STREET ART: Stewy Stencils

Stewy uses stencils and spray paint to place animals and lesser-known cult icons in specific surroundings to highlight their importance to that location.

I first discovered Stewy when I moved to Bristol, England. As many of you will know, Bristol is saturated with street art/ urban art etc and pieces come and go rapidly. Some get painted over, some get defaced on purpose, and for some reason the local council likes to remove some of them 😉

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Leonard Lane, Bristol

Stewy, however, is an artist whose work (from what I have seen so far) hardly ever gets removed. I’ve seen people ‘add’ to it (who doesn’t want to draw a comical poo underneath a bear standing on it’s hind legs?) and I’ve seen people tag around it, but in the years I’ve been here hardly any of them have been removed or painted over.

This means I come across his work regularly as all the other pieces come and go around them. As an ever-curious art lover, I always wondered: Why are they there? and, “Who is responsible for them? Do they have a special meaning”?

… Well, after interviewing Stewy I now know the answers to these questions!

Read on to find out about his art, his methods and his reasons 🙂

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Stewy’s stencil of Bristol legend DJ Derek in Leonard Lane, Bristol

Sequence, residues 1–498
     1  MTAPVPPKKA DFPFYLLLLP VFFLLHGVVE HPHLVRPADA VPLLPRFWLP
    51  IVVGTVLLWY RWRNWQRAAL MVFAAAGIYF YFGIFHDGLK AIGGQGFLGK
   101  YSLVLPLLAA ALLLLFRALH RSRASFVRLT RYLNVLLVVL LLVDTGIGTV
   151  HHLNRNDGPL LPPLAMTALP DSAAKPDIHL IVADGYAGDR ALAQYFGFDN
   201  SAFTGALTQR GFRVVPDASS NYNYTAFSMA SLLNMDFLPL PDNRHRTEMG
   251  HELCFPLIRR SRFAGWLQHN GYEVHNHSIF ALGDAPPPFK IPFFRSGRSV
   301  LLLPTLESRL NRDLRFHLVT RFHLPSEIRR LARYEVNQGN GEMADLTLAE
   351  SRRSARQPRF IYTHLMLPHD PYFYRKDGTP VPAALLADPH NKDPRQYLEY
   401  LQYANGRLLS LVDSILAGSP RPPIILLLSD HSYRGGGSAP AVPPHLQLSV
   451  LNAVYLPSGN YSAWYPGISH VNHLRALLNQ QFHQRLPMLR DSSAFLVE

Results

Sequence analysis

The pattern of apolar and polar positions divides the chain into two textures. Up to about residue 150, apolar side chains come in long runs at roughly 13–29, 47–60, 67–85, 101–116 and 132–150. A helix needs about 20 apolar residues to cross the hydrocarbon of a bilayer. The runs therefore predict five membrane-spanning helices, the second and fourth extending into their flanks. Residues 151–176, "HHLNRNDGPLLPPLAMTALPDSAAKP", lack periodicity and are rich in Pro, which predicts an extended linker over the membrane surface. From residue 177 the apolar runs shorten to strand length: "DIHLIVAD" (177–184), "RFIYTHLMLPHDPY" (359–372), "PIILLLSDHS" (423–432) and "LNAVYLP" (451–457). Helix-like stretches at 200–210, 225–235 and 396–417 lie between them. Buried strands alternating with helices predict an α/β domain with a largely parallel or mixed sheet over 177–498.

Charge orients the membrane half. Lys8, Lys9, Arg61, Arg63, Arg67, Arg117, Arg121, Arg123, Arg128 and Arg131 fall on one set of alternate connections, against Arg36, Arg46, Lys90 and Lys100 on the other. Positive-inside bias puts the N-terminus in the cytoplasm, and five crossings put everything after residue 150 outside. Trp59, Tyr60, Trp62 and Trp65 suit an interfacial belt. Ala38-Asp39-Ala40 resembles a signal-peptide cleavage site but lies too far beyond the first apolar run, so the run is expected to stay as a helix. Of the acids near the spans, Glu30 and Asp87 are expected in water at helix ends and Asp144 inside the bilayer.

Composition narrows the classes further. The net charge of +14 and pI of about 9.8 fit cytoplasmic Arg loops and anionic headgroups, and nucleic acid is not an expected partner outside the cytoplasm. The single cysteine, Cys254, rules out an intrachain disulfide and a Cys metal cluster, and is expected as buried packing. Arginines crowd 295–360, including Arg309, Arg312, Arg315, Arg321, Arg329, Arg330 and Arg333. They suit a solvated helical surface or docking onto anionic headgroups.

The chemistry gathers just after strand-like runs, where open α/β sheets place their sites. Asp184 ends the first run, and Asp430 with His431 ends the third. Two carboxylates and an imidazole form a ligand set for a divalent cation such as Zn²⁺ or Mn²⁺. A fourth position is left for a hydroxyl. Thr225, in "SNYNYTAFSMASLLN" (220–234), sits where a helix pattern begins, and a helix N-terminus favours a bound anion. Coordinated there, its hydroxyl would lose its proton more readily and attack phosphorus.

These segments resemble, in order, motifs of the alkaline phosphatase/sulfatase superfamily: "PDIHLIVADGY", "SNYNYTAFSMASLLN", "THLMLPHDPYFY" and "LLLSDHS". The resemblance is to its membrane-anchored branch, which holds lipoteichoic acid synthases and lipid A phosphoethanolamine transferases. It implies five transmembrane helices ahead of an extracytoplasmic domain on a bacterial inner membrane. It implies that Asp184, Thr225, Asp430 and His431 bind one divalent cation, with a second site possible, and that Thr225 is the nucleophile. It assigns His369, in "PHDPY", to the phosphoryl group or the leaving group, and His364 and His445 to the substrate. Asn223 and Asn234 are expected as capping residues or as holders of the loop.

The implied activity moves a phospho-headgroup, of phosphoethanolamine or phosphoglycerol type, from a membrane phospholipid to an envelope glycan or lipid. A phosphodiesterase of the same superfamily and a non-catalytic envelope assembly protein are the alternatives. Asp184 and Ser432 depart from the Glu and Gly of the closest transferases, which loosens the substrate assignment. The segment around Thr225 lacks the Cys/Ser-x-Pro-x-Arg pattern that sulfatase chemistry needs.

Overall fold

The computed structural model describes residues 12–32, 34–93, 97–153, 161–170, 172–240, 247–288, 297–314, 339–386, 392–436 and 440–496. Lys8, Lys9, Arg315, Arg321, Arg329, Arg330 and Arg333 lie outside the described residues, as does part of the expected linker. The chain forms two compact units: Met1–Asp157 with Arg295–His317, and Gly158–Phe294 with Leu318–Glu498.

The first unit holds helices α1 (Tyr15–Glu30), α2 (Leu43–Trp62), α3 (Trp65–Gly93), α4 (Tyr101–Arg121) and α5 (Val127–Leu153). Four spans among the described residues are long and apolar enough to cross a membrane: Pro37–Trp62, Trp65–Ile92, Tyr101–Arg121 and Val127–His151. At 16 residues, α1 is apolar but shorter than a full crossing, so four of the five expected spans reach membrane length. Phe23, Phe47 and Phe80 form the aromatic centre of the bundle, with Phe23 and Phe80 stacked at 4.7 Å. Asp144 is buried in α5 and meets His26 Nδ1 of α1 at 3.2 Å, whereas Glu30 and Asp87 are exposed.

WHO IS STEWY & WHAT DOES HE DO? 

Stewy says, “My work forms an expanding library of ‘life-size’ hand cut stencils representing a series of indigenous British animals and cult icons created in around the UK since 2007.”

To be specific, the ‘animals’ he stencils are specifically placed within an urban setting to make the animal appear realistic and occasionally at odds with the surroundings. Other icons by Stewy are site-specific and appear where the cult icons lived, worked or died.

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Leonard Lane, Bristol (photographed 2016)

He says: “British identity has featured in my work since the mid nineties – and the use of icons since 2003. Its wasn’t until late 2007/8 I moved onto stencils as a medium.”

One reason stencil work is popular is that it allows for ease and speed when painting in the street, particularly for illegal work (although Stewy mostly gets permission to place his work). Stewy explains,”Once the stencilled image is laboriously cut its allows you to create images quickly in multiple locations“.